Self-employed and looking for a mortgage

How lenders treat the income varie

Another tax year has just passed us by and for the self employed, attention will turn over the coming months to submitting your tax return for 2012/2013.

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Self-employed and looking for a mortgage

Conversations will take place with accountants with a view to mitigating the tax liability as far as possible.

But by being overzealous you may find if you’re looking to buy for the first time, move house or just remortgage that the level of borrowing you require is not available.

If you’re a sole trader lenders base your affordability on your net profit and for company directors with a shareholding of 20% or more, typically the salary and dividend income makes up what they consider to be your income.

While you may feel you can afford to pay the mortgage, if the evidence available to the lender doesn’t support this, then they simply won’t lend.

Nowadays lenders will generally request the past two years SA302s supplied by HMRC which is essentially a summary of your tax return in order to evidence your income.

However some, like Santander and Virgin Money, are happy to request an accountant’s reference which asks for information about the business to include trading figures.

How lenders treat the income varies: if it is increasing most lenders will take an average of the figures but occasionally a lender may take the latest year’s earnings.

This is very much on a case by case basis but if your income is decreasing the latest year’s figures will be used.

For company directors some lenders – notably Clydesdale Bank and Virgin Money – will also look at the share of net profit plus salary as opposed to salary and dividend income.

This effectively means they are looking at the base profitability of the business rather than just what the directors have taken out of the business.

Lenders have become more vigilant about lending to the self-employed right at a time when more people are setting up on their own following redundancy or a simple wish to be their own boss.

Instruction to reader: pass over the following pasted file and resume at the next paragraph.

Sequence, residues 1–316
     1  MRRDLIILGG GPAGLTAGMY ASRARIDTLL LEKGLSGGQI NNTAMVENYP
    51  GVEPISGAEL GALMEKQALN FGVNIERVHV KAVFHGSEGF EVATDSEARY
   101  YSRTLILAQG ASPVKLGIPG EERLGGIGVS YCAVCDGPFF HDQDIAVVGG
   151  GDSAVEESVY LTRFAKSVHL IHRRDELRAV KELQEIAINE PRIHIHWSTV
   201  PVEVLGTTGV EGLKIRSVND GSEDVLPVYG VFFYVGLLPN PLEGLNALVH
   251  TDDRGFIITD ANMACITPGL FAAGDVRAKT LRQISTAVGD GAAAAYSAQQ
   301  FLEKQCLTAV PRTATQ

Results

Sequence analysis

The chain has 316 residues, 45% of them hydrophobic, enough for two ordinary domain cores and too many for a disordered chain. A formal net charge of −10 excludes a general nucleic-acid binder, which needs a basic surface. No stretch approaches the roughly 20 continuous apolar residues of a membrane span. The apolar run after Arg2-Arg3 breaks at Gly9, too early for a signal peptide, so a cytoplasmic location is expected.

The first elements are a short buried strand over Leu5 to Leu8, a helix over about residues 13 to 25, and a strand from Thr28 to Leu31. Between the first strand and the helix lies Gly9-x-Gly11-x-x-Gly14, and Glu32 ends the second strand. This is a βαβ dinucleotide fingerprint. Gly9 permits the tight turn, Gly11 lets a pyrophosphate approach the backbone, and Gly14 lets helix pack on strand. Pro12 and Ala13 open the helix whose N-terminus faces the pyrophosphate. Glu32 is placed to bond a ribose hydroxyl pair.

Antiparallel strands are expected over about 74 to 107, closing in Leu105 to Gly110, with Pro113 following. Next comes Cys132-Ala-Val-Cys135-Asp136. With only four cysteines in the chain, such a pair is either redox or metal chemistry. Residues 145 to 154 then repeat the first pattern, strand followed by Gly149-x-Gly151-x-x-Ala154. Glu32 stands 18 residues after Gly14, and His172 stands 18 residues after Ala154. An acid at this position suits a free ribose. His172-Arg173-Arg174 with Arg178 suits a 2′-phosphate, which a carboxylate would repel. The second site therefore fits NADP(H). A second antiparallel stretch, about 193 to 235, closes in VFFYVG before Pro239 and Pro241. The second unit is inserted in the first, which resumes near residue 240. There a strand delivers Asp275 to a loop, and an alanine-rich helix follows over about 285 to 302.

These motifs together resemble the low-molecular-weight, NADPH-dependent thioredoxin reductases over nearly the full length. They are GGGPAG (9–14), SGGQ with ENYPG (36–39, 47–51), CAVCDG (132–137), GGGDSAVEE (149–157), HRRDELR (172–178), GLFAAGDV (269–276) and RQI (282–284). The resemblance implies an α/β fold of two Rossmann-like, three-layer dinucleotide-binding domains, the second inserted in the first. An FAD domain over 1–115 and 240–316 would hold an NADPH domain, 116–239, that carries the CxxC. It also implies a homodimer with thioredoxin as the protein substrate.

If that’s you, unfortunately you will experience difficulties if you have been trading for fewer than two years.

However, all is not lost and there are lenders that will consider a mortgage after just one year of trading and of the major lenders, Halifax is arguably the most flexible – assuming you pass their credit score.

Other lenders such as Leeds Building Society may consider you if you have an acceptable projection for the second year providing the accounts show an improving position.

There are also lenders that only accept business from brokers which look at each case individually and are not ruled by credit scores that may also consider with one year’s trading figures.

So if you believe you may need a new mortgage over the coming year, then trying to reduce your tax bill may well have consequences you didn’t expect so it would be prudent to have an early conversation with your bank or broker to ascertain the position.

Mortgage & Equity Release

What Is Equity Release?

Equity release is the use of financial arrangements that provide the owner of a house, or other property, with funds derived from the value of the property while enabling them to continue using it.

How Does Equity Release Work?

Equity release is aimed at homeowners aged 55 and over. It allows you to take some of the value of your home as cash.

Equity Release categorized as Self-Employed

Equity has consistently campaigned for your right to be categorized as self-employed for tax purposes. Being self-employed for tax enables you to claim allowable business expenses against your gross earnings thereby reducing your taxable self-employed income.

Editorial Note: This content has been independently collected by the EveryInvestor advisor team and is offered on a non-advised basis. EveryInvestor may earn a commission on sales made from partner links on this page, but that doesn’t affect our editors’ opinions or evaluations. Learn more about our editorial guidelines.
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